- “[O]ffer clear, accessible options for any person to report sexual harassment;”
- “Empower survivors to make decisions about how a school responds to incidents of sexual harassment;”
- “[O]ffer survivors supportive measures, such as class or dorm reassignments or no-contact orders;”
- Ensure “fairness” by upholding “all students’ right to written notice of allegations, the right to an advisor, and the right to submit, cross-examine, and challenge evidence at a live hearing;”
- “Shield survivors from having to come face-to-face with the accused during a hearing and from answering questions posed personally by the accused;”
- “[S]elect one of two standards of evidence, the preponderance of the evidence standard or the clear and convincing evidence standard—and to apply the selected standard evenly to proceedings for all students and employees, including faculty;”
- Abide by “rape shield” protections and ensures survivors are not required to divulge any medical, psychological, or similar privileged records;”
- “[O]ffer an equal right of appeal for both parties to a Title IX proceeding;”
- Be free to “use technology to conduct Title IX investigations and hearings remotely;” and
- “Protect students and faculty by prohibiting schools from using Title IX in a manner that deprives students and faculty of rights guaranteed by the First Amendment.”
The Sixth Circuit Provides Clear Guideposts for Complying with Title IX in Disciplinary Proceedings
What Title IX means and how it is to be interpreted is a matter of both agency and judicial interpretation. And, just in the last month or so, the Sixth Circuit weighed in and added calcium to Title IX’s teeth. Any student, male or female, can allege a viable Title IX claim so long as they allege “plausible” facts that cast doubt on the outcome of an institution’s disciplinary proceedings.
Specifically, in a 2-1 decision in Oberlin College, a male student challenged Oberlin’s decision to expel him for having been found to have violated the school’s sexual assault policy. The student sued for breach of contract and negligence, claiming that he was a victim of sex discrimination under Title IX because Oberlin reached an “erroneous outcome” in his disciplinary proceedings because of his sex. The Sixth Circuit agreed and reversed the district court’s decision, finding that the school’s conclusion was not entitled to deference because “for any number of reasons,” the student had adequately pled that his expulsion was due to unlawful gender discrimination. 963 F.3d at 586.
In the eyes of the Sixth Circuit, an “erroneous outcome” claim under Title IX requires a plaintiff to “plead facts sufficient to (1) cast some articulable doubt on the accuracy of the disciplinary proceeding’s outcome, and (2) demonstrate a particularized causal connection between the flawed outcome and sex discrimination.” Id. (emphasis added). Based on this standard, the Sixth Circuit found that the male student satisfied both prongs. First, the full panel agreed that the student “pled facts casting doubt on the accuracy of his proceeding’s outcome.” Second, two judges agreed the student “pled facts plausibly suggesting [the] outcome was caused by sex bias.” Id. (emphasis added). In so doing, the Court rejected the school’s position that the student had to identify some unique bias to his own proceeding to show a “particularized causal connection.” Not so; instead, relying on Circuit precedent, the Court concluded that “patterns of decision-making” can demonstrate the requisite connection between outcome and sex, otherwise there existed a risk that “categorical discriminat[ion] against men or women in sexual-assault proceedings could escape liability in erroneous-outcome cases.” Id.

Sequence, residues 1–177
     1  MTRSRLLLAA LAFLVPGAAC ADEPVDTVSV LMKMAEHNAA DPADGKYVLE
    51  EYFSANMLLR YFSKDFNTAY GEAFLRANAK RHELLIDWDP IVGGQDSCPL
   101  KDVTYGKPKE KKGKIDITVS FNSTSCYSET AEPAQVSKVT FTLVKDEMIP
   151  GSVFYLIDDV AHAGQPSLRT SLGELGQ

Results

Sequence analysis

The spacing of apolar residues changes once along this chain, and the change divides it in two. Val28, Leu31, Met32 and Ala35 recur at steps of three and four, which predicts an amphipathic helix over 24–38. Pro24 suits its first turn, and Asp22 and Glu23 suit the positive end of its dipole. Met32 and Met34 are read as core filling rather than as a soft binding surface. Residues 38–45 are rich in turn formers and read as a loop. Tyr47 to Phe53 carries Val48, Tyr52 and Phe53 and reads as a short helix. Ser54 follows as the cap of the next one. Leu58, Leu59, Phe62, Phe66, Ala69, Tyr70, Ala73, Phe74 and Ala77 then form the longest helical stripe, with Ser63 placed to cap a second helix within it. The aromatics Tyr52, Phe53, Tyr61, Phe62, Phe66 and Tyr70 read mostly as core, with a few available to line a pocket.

In addition, in what can be used as a helpful roadmap for identifying deficiencies in school disciplinary proceedings, the Court zeroed in on what it described as “clear procedural irregularities” in the school’s adjudicative processes. The common thread was that although the school had specific policies in place for adjudicating the student’s claims, the school failed to abide by them, time and again. That allowed the student successfully to turn the table on the school, and put the school’s unfollowed policies “on trial” in federal court. Specifically:
- The school (i) significantly delayed completion of its investigation (120 days vs. the policy’s 20 days); (ii) failed to give the student adequate notice of the specific allegations against him; and (iii) its hearing panel’s decision also suffered from excessive delay (240 days vs. the policy’s 60 days for completing the matter and 180 days from the filing of a complaint for the hearing panel to reach a decision). Id. at 586-87.
- The school also (i) failed to communicate to the parties the reasons for its delays and expected timelines; (ii) assigned an advisor who did not attend the entire disciplinary hearing; and (iii) its hearing panel failed to comment on clear contradictions in the record testimony and impeachment evidence the male student presented against his accuser’s claims. Id. at 587.
- And, quite significant from an evidentiary perspective, the two-judge majority was deeply troubled that every case that went to a panel hearing during the operative time period resulted in a decision that an accused male was “responsible” on at least one charge. Id. That fact, the Court found, “supports an inference regarding bias in the hearings themselves.” Id. In so concluding, the majority disagreed the dissent’s view that the limited data presented was not “statistically significant.” Id. at 593 (Gilman, J. dissenting).
At bottom, what the Sixth Circuit’s Oberlin College decision confirms is that in college and university disciplinary cases, fair processes are not optional; they apply to everyone alike—whether the accused or the accuser. Not only is fairness the right thing, but it is required under federal law. All schools—even the most well intending of them—must take note and act accordingly or risk their procedures and decisions not withstanding court scrutiny—or even worse, like a Jiu-jitsu move, being used against the schools.